“We cannot go on as we are,” Sankey said repeatedly in his address Monday while noting that the financial disparities between the high and low end of the 350-plus Division I schools “makes it difficult to ensure the presence of shared values and common purpose around supporting athletics programs.”
That sounds undeniably like a pretext to do some dramatic things, including potentially breaking Division I into sub-groups, shrinking the size of Division I or — circling back to the concept of “earning your way in” — changing the way NCAA championships select their participants.
Automatic bids — or AQs in NCAA parlance — are ingrained into the culture of college sports. Most people experience it through the men’s and women’s basketball tournaments, where nearly every year you get a UMBC or Oral Roberts or Saint Peter’s coming out of a small conference and upsetting one of the big boys. In nearly every one of those Cinderella runs, they wouldn’t have been in the tournament at all without an automatic bid for winning their conference.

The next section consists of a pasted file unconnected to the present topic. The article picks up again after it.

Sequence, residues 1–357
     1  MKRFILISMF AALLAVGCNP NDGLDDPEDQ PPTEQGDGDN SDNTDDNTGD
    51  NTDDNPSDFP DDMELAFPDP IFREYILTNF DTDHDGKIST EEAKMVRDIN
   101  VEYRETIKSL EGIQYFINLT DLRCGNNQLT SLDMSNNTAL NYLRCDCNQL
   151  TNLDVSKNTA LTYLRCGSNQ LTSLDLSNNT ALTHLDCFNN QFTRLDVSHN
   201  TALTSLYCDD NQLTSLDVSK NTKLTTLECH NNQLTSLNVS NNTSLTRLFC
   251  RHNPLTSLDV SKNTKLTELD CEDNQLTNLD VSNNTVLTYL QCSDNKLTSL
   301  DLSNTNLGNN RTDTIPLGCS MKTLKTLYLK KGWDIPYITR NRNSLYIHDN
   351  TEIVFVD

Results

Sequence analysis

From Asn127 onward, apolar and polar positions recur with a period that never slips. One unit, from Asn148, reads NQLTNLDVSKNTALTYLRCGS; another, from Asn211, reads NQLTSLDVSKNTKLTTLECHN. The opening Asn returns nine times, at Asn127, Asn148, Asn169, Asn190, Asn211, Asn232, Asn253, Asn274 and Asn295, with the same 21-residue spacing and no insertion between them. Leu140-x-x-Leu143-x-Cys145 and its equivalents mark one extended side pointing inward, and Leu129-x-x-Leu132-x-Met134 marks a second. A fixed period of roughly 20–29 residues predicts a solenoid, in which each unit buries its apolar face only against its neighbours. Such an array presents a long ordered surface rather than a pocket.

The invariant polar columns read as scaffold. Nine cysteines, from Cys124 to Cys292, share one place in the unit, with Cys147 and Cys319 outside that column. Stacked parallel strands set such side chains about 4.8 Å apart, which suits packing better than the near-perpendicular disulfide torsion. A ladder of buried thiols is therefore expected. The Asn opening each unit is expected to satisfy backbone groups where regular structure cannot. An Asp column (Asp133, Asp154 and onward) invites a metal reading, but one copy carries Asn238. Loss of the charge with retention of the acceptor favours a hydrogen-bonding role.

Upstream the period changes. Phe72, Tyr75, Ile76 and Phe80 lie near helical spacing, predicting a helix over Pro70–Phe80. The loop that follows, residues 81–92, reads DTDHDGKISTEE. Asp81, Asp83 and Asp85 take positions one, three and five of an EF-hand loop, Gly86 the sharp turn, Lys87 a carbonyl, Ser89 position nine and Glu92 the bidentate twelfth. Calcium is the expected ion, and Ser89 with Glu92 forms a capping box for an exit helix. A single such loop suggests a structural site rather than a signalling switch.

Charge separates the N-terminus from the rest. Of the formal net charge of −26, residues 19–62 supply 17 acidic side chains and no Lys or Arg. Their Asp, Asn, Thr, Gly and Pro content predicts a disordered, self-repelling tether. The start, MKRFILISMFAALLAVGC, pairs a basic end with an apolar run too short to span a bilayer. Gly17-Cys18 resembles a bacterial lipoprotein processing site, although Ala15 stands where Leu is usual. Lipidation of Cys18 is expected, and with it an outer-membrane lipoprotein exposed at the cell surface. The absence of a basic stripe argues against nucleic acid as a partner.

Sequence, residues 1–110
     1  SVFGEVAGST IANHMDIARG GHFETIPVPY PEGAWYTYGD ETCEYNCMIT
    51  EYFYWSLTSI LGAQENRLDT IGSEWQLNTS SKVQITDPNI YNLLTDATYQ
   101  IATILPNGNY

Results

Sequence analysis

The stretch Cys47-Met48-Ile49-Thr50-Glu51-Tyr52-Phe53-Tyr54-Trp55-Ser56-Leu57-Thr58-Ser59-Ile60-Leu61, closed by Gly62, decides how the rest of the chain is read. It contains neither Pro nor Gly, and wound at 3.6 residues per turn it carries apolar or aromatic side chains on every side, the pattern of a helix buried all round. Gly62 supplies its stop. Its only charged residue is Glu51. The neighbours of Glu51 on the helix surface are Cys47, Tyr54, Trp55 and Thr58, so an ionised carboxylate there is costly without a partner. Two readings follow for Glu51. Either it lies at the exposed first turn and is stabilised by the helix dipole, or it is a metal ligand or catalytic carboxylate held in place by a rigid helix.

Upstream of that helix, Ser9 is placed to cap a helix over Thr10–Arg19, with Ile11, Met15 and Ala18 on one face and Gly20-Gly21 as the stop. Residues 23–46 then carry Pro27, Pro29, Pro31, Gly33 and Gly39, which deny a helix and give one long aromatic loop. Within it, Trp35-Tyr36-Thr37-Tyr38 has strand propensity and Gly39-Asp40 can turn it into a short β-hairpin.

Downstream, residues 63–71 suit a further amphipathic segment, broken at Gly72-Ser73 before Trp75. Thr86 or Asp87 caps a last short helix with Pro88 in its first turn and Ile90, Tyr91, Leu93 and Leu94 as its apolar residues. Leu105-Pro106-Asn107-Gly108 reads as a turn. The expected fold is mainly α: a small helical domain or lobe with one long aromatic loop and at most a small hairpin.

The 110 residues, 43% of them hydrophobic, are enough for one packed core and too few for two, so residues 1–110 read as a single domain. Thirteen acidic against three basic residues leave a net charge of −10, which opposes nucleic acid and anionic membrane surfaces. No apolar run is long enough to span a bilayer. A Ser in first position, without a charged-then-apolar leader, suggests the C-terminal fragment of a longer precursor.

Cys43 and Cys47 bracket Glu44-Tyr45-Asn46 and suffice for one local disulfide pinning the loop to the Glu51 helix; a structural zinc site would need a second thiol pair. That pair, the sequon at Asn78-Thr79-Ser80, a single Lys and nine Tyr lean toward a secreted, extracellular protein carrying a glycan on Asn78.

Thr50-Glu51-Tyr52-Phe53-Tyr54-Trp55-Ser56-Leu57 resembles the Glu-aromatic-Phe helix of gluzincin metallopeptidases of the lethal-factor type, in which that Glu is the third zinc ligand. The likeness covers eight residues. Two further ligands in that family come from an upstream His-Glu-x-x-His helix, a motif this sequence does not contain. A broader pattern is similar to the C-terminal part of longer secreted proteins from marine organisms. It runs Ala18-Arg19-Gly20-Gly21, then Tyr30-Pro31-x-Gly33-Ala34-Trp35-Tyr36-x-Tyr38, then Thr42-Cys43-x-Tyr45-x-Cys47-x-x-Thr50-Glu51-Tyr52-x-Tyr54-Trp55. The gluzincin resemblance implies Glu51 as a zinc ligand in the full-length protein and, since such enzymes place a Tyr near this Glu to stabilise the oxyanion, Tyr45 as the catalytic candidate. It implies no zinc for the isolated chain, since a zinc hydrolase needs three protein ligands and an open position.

Imagine officials at those schools listening to Sankey on Monday — the man who will play arguably the biggest role in how the NCAA Division I functions going forward — equating his idealized version of the College Football Playoff with “earning your way in.” It would be difficult to draw any other conclusion than automatic bids for the sports the smaller schools care about being used as leverage, if not outright being put on the chopping block.
There is already a faction of college administrators that believes the power conferences, led by the SEC, wouldn’t bat an eye at squeezing the little guy out from the NCAA basketball tournament and other championships and taking more, more, more.
If that’s the new definition of earning it, as Sankey described it Monday, their fears may well be justified.
Follow USA TODAY Sports’ Dan Wolken on Twitter @DanWolken.